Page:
An appeals court in Brazil has upheld a corruption conviction imposed on former president Luiz Inacio Lula da Silva.
The court also increased his sentence from nine to 12 years in prison for receiving a bribe from an engineering company vying for government contracts during his 2003-2010 presidency.
The decision could rule him out as a candidate for the presidential election next October.
The 72-year-old could now be ineligible to stand for election under Brazil's "Ficha Limpa" or "Clean Record" law, which bans political candidates whose convictions have been upheld by an appellate court.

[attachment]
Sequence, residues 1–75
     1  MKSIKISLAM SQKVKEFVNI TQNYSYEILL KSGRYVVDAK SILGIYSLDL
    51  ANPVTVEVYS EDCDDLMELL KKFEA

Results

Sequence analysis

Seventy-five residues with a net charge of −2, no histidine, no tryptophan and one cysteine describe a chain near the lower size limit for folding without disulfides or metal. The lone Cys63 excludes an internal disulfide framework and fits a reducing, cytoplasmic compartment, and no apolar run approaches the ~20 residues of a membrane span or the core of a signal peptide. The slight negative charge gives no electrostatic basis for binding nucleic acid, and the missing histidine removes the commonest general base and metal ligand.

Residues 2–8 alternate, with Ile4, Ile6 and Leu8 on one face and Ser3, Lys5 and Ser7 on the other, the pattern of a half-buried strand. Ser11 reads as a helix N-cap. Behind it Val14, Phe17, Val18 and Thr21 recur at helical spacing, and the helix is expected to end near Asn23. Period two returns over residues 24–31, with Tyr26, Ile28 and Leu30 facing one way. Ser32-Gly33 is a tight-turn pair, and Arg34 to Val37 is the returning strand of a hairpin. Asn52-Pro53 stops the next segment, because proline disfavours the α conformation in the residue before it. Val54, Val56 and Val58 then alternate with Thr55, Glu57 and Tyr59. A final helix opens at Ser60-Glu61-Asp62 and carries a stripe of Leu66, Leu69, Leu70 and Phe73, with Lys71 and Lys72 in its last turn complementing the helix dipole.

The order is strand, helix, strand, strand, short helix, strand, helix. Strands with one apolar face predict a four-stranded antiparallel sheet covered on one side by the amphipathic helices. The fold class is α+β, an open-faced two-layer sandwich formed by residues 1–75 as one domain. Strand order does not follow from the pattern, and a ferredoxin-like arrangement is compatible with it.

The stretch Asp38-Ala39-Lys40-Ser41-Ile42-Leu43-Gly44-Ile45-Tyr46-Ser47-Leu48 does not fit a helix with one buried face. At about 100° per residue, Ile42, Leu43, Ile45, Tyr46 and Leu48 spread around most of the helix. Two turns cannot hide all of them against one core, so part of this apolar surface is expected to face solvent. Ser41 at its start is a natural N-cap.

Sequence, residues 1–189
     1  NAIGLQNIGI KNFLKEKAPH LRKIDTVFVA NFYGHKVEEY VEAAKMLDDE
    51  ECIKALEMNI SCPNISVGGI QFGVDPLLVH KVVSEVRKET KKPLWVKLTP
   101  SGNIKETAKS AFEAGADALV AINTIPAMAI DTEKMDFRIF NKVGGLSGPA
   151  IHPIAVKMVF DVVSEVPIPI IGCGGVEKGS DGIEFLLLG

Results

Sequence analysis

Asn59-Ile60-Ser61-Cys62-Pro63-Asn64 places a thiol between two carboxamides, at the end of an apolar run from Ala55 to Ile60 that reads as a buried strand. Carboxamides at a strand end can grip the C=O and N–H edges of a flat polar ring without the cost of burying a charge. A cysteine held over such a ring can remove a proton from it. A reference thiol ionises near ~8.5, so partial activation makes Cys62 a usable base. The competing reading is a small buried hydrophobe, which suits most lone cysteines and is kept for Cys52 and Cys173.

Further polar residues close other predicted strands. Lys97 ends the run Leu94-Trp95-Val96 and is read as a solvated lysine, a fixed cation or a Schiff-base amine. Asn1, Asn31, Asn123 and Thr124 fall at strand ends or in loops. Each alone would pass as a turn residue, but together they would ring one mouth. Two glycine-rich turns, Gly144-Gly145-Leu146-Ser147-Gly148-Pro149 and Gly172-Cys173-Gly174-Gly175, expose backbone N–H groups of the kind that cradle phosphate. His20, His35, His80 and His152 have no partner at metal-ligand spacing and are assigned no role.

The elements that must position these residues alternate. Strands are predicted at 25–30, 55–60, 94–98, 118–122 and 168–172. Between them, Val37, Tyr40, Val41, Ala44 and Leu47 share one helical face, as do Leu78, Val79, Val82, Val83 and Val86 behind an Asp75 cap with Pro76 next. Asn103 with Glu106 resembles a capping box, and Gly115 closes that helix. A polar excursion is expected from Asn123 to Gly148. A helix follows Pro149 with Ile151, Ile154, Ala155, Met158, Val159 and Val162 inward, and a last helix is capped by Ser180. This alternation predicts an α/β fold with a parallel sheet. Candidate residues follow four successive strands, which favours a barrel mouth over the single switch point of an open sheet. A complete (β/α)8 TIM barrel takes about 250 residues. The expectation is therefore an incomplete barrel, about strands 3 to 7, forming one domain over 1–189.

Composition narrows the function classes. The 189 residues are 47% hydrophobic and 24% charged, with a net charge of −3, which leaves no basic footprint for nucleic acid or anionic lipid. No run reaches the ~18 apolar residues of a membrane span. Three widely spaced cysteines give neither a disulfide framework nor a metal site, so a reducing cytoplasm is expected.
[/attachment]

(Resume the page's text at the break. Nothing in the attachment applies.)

However, after the ruling, he insisted that would still contest the presidency.
Lula can appeal the decision by the appeals court to Brazil's top appeals court or to the Supreme Court to delay a final ruling, possibly avoiding jail and stringing the process out long enough to register his candidacy by the 15 August deadline.
"Now I want to be a candidate for the presidency," Lula told thousands of supporters at a rally in Sao Paulo in the wake of the court verdict.
He stood atop a sound truck, blasting the ruling as a "lie" and strongly maintained his innocence.
Lula said that if the three judges could "show me the crime I committed, I would give up trying to be a candidate".
"I want the judges to know that I am not worried like they think I should be," he said. "They cannot jail ideas or hope."